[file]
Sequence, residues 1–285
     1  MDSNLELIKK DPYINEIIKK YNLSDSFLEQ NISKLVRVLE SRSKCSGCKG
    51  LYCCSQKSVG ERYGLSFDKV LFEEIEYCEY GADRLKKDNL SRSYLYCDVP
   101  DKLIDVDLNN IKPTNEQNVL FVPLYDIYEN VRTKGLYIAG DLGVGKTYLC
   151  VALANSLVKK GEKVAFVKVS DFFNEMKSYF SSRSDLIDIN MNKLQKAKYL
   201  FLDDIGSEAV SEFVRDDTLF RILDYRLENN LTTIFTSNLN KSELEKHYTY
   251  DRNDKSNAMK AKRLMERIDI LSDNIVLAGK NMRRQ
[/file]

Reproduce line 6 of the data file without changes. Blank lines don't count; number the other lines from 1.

   201  FLDDIGSEAV SEFVRDDTLF RILDYRLENN LTTIFTSNLN KSELEKHYTY